In his 75-minute solo show "Hebrew School Dropout," Konig does a unique thing: He uses Borscht Belt humor and delivery to describe a lifelong spiritual journey, which took him from Judiasm to Catholicism and back. Think Buddy Hackett goes to the Vatican, and all he brought back was a lousy T-shirt.
The show follows two tracks: Describing his career as an actor, stand-up comedian, and later radio show host, paralleled with uncertainty about his Jewish faith. As he puts it, "I come from a long line of mediocre Jews," and later adding, "I never fit in with the Jews who were good at being Jewish." This issue was likely exacerbated when Konig married an Irish-Catholic woman. He movingly describes how entertaining rescue workers after 9/11 brought him the "closest to God I ever felt." A short time later, while raising his children under his wife's beliefs, he fell in love with the pageantry of Catholicism—"It's like Vegas!"—and converted.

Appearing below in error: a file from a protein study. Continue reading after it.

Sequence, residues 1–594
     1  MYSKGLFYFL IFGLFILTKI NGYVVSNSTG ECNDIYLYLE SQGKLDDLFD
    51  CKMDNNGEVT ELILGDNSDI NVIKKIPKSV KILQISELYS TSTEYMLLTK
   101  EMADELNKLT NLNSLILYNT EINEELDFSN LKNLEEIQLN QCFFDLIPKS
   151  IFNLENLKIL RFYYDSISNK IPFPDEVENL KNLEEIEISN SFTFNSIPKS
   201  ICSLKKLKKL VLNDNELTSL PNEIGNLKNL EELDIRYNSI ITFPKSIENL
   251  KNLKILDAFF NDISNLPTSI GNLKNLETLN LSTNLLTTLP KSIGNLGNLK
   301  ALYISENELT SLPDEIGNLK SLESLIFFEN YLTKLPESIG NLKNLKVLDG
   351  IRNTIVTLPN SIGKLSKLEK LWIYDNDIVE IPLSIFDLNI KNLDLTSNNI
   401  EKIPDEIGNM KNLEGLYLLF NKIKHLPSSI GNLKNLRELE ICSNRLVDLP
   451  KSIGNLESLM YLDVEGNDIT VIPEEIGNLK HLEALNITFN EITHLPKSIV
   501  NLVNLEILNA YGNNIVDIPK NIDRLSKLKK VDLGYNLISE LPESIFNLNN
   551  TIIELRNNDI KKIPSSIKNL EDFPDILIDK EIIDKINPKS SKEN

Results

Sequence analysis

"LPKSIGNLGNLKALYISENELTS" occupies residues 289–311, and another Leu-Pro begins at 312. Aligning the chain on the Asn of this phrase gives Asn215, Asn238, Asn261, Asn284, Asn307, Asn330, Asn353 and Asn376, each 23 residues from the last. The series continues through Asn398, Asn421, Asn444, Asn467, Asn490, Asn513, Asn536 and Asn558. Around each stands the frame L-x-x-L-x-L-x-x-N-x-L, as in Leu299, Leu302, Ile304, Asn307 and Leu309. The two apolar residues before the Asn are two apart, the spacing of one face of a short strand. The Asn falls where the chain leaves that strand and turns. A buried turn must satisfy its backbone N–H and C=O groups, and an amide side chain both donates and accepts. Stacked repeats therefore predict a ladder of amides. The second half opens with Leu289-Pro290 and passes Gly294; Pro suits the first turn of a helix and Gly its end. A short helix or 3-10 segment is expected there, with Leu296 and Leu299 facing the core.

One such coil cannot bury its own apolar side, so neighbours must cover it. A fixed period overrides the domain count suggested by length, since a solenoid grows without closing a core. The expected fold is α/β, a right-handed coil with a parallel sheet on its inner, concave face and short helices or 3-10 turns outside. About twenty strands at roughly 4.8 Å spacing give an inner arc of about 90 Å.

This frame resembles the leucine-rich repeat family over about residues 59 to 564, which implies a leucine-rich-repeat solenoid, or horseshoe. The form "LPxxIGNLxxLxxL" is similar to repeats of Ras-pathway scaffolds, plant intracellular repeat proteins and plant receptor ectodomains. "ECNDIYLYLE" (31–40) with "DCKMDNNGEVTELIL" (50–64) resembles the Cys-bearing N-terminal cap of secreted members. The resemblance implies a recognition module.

After starting a radio show under the watchful eye of New York Cardinal Egan, the bloom quickly fell off the rosary as he became embroiled in the thorny world of Catholic politics, causing him to "re-convert" to Judaism.
Konig's old-style delivery and jokes are enjoyable, but mostly better suited to 1958 Catskills than 2010 New York City.
Presented by and at the Actors Temple Theater, 339 West 47th St., NYC. Opened May19 for an open run. Sat., 3 p.m.; Sat.–Sun, 8 p.m.; (212) 239-6200 or www.telecharge.com.